Iranian family law is unlike the Canadian family law in many ways. While Canada recognizes most foreign divorces, the Iranian government does not. What does this mean for Iranian-Canadian spouses or non-Iranian-national females married to an Iranian-Canadian male, who obtain a divorce in Canada? It means that such couples will be considered married under the Iranian law and the Canadian divorce certificate cannot be used officially in Iran. Hence, Iranian-Canadians or non-Iranian females married to an Iranian man must first authenticate their Canadian divorce certificate by Foreign Affairs and International Trade Canada in Ottawa and then have it properly sanctioned by an Iranian court of justice.
Individuals must be aware that even if the divorce certificate is authenticated properly, the Iranian court of justice may still refuse to sanction it. Therefore, the parties would be still married under Iranian laws.
Do you really need to have your Canadian divorce sanctioned in Iran? It may not be that important to those former spouses who never intend to return to Iran in the future. However, it is important to understand the ramifications of not sanctioning your Canadian divorce by an Iranian court.
Under the Iranian laws, a married woman requires her husband’s consent to leave the country. If your divorce is not sanctioned by an Iranian court and you return to Iran, your former husband may be able to have your passport confiscated by the Iranian authorities. Furthermore, the sole custody of children is automatically given to their father under the Iranian divorce laws. A former wife of an Iranian national, travelling to Iran with her children and without a sanctioned divorce, would require her former husband’s consent to remove the children from Iran. Therefore, a Canadian divorce certificate alone will not be enough to remove a former wife’s restrictions for travelling outside of Iran.
Marital property rights under Iranian laws are also very different than the Canadian laws. In Ontario, spouses are entitled to an equal share of the net family property and an equal right of possession of the matrimonial home. In Iran, there are no laws regarding division of property. The person whose name is on the title deed will remain the owner of that property. The only money that must be paid to a former wife is that of the amount of mahr (that is, the gift a husband makes to his wife according to their marriage contract, payable upon the conclusion of the marriage). Under section 4(1) of the Ontario Family Law Act, “net family property” includes all property a spouse owns. “All property” includes property owned in other jurisdictions. If an Iranian-Canadian obtains a Canadian divorce and is entitled to a portion of the value of the property his or her former spouse owns in Iran, that individual may not be able to do anything about it since the Canadian divorce and any subsequent court orders are not recognized under Iranian law.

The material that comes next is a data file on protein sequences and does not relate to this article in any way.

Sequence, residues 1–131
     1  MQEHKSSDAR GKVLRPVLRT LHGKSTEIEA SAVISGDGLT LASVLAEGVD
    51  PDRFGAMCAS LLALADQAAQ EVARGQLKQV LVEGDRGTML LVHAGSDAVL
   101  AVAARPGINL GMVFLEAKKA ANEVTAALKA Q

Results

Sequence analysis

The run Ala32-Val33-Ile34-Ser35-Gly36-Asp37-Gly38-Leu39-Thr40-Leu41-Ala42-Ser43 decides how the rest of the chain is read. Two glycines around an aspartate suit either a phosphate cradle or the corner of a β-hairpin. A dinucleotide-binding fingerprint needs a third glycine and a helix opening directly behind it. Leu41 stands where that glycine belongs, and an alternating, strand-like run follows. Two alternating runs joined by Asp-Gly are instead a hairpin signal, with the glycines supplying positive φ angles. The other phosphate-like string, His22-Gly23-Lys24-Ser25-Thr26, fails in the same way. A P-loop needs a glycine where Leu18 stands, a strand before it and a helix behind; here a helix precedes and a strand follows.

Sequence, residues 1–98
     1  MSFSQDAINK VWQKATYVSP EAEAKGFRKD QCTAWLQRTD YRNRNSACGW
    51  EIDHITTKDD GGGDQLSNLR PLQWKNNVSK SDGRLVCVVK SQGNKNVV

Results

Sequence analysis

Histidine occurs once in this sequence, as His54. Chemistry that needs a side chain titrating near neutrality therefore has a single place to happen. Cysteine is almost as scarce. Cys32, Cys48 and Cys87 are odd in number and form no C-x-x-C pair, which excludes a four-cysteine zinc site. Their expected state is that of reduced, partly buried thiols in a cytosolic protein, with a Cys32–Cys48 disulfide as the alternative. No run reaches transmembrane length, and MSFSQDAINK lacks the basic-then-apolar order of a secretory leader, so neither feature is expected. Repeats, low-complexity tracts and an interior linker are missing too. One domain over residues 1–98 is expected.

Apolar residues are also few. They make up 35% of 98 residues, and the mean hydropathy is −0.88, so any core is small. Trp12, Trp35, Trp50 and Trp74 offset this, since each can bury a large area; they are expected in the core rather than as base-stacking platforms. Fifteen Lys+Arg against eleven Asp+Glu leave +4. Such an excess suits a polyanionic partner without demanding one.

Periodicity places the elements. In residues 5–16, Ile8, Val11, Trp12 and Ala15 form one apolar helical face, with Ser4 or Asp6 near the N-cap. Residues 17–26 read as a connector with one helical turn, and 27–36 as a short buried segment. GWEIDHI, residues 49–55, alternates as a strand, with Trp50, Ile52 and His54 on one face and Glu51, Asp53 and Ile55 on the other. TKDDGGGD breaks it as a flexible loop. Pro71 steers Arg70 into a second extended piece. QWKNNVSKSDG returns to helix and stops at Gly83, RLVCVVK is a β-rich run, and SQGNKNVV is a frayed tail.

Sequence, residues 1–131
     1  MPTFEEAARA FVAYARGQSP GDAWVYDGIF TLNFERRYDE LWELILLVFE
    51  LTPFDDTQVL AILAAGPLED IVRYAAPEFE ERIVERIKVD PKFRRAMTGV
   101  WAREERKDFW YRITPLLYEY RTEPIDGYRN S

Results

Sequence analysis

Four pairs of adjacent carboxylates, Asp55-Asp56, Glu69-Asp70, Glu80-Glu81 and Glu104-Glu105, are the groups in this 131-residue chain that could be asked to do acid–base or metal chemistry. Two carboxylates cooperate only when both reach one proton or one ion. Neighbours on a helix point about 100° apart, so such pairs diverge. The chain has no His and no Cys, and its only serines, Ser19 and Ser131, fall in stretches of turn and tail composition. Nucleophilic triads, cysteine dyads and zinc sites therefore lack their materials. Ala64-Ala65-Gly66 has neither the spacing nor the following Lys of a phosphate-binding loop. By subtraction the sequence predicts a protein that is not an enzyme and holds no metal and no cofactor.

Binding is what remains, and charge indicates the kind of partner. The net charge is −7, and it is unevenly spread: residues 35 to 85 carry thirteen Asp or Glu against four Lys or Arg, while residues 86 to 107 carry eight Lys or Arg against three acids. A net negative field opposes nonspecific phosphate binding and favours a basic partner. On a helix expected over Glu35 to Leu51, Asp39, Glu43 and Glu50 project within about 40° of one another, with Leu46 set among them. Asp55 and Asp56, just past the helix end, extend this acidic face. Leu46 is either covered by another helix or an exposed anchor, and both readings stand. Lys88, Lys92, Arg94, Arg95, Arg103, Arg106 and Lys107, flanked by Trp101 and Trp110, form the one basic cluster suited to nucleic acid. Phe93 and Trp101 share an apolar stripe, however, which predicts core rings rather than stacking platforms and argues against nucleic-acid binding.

Consequently, it may be prudent to inform the Canadian judge who is granting your divorce about any properties owned by your spouse in Iran that could be categorized as “family property”. After explaining the difficulties surrounding using a Canadian divorce officially in Iran, one may ask for an unequal division of the net family property in exchange for foregoing of any claims to the property in Iran. This decision is at the discretion of the judge and would be dependent on the facts of each case and credibility of the documents provided.
The above information and commentary on Ontario laws and court cases are intended for general discussions and information. They are not legal advice and should not be relied upon as such. If you require legal advice please contact email@example.com or (416) 238-5100.